To all those who have experience standing on the booth of a media management solution provider at one of the global broadcasting trade fairs (e.g. NAB or IBC), the following scenario will not be unfamiliar, namely: a prospective client or partner approaches the booth and asks politely if the offered solution is BXF-compatible. A psychologist would have great fun watching the face of the guy on the booth as s/he responds positively, knowing the answer is “yes” on account of the flexibility that BXF offers, but silently worrying in case this particular request may cost the company an arm and a leg to develop.
BXF (Broadcast Exchange Format) is an XML based standard for data exchange in the broadcasting industry formally defined by SMPTE. It was developed to supersede numerous archaic types of exchange for playlists, record lists and various other data in broadcasting. The first version was published in 2008. Unsurprisingly, only 150 SMPTE members were required to ensure the definition of the standard. Readers familiar with “Baby Snakes” by Frank Zappa will realise that he also was a dedicated fan of theirs.
Switching the mood now, SMPTE and BXF require some practical de-mystification. The second release (BXF 2.0) valid from 2012, was followed by the widespread adoption of this standard for interoperability between and among multiple media management systems. Serious collaboration on the BXF standard across the global broadcast industry today delivers structured XML information for traffic systems, automation solutions, MAMs and more, with clear and specific mapping instructions. BXF currently provides a robust yet flexible communication schema which efficiently addresses today’s complex array of delivery platforms together with targeted advertising, a critical element of modern media business.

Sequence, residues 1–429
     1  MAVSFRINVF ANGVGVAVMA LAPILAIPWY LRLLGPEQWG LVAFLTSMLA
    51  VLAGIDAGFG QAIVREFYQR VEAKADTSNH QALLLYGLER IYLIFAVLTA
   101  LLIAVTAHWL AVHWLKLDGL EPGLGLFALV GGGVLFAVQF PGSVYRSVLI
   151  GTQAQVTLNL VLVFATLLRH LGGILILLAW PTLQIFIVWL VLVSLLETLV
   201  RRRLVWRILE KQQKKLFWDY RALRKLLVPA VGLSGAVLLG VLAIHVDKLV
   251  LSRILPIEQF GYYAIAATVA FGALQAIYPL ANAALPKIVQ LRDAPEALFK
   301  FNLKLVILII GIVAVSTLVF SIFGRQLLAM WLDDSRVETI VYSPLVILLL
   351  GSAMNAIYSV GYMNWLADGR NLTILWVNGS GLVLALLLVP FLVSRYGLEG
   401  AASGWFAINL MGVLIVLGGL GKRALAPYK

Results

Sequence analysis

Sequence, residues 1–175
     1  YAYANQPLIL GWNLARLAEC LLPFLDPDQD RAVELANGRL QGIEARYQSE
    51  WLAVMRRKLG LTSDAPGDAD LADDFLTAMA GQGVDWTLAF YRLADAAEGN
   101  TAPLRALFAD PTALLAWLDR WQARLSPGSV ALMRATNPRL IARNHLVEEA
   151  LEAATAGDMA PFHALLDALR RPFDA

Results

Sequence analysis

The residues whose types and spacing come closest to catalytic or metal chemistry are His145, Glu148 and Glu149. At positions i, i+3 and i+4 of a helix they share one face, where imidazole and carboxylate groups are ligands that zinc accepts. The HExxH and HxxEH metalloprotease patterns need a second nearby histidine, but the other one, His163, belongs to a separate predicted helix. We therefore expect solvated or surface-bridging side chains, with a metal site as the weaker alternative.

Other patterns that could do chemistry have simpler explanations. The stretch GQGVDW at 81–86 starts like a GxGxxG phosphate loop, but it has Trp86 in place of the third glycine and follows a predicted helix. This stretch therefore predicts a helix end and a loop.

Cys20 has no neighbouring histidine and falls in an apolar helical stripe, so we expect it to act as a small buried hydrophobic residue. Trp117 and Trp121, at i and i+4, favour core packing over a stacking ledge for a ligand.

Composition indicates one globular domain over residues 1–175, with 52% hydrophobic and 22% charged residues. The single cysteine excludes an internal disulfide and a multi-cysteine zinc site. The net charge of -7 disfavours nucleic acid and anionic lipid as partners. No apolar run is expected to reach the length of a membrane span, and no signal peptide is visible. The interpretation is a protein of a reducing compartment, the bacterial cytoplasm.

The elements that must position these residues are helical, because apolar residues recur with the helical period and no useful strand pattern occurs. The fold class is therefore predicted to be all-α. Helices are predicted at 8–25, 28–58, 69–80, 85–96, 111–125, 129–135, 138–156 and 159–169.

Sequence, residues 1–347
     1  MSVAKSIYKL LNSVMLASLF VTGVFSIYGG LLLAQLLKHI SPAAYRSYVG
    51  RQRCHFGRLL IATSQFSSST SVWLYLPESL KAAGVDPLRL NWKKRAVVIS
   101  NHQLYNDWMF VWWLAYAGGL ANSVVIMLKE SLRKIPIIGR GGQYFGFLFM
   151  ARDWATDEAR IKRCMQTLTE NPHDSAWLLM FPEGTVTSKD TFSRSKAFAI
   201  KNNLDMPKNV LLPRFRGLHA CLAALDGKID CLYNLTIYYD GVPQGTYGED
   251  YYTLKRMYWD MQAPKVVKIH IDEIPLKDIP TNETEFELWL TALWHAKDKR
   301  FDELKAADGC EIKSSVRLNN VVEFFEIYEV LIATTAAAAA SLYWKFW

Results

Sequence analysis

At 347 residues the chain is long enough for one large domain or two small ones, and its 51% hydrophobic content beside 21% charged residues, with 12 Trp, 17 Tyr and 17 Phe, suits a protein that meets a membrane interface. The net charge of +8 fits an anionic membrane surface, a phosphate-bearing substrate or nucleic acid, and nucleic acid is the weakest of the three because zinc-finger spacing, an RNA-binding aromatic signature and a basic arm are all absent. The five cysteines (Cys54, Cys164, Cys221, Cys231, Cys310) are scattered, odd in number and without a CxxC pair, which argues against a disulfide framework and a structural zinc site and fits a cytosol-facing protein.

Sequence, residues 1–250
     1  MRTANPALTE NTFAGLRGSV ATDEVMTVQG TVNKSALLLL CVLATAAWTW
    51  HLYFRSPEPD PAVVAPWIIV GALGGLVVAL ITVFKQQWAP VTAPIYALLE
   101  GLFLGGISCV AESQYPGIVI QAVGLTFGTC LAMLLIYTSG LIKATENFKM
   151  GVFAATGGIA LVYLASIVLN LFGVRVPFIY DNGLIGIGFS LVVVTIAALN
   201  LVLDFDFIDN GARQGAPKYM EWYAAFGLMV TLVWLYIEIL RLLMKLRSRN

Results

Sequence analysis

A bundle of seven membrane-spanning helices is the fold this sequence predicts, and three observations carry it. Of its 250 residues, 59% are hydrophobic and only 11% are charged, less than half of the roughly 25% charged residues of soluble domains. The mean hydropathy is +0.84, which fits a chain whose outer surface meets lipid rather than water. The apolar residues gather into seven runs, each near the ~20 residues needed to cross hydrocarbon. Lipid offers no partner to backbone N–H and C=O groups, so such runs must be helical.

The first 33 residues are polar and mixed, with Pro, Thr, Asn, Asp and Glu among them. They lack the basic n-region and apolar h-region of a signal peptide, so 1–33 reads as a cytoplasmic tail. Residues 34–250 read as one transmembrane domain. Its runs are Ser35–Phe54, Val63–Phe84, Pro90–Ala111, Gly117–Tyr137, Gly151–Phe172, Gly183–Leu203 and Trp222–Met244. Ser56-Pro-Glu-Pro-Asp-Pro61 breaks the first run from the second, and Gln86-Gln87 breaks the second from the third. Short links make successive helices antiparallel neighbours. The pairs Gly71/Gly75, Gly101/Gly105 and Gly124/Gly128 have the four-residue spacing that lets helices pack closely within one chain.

“ We have been using BXF in numerous projects over the past ten years.”
“For us and other developers, BXF comprises a suite of documents standardising messaging protocols for information exchange. It does not limit the actual communication media for transmission and reception. For example, you can simply leave your BXF message in a defined folder where it is picked up, read, hopefully understood by the recipient. We have been using BXF in numerous projects over the past ten years. It has provided an excellent solution to the need for the exchanges of schedules/playlists, as-run logs, content metadata, and content transfer instructions between various systems including editors, scheduling, automation, sales, billing and even MAM equipment” says Petr Dolejsi, Senior MAM Consultant, Provys. “Since the launch of BXF, many improvements in the schema have become available to the users and it is important to note that the Provys schema perfectly matches that of BXF thereby guaranteeing the highest levels of interoperability” Petr added.
As the diagram illustrates, BXF facilitates multinational communication between broadcasting headquarters and their foreign subsidiaries. Metadata flow both out and in seamlessly, between various systems and differing national requirements. Developers confirm that the standard today is affordable, well-described and user-friendly although they would prefer to see more examples from SMPTE to learn from. The original concern that the “Private Section” sitting outside of the schema would be over-utilised as a “workaround” has been overtaken by the latest definitions of the BXF standard which exactly reflect the needs of the modern broadcasting industry.